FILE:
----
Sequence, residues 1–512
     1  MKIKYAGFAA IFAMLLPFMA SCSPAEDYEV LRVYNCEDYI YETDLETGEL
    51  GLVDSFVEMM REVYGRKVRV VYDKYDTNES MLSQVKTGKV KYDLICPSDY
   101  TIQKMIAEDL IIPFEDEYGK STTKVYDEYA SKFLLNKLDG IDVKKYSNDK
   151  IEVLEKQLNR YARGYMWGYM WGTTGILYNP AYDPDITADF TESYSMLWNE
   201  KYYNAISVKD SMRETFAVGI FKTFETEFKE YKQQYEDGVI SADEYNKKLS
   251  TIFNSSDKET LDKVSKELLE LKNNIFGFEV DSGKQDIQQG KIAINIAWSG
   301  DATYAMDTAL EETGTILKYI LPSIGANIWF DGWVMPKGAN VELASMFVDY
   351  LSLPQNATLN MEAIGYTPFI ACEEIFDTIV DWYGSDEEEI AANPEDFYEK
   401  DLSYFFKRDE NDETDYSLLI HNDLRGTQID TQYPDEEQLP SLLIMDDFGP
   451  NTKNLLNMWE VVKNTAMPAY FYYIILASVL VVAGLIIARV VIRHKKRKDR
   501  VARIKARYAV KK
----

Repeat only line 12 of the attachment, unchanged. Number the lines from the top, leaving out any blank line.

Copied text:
   501  VARIKARYAV KK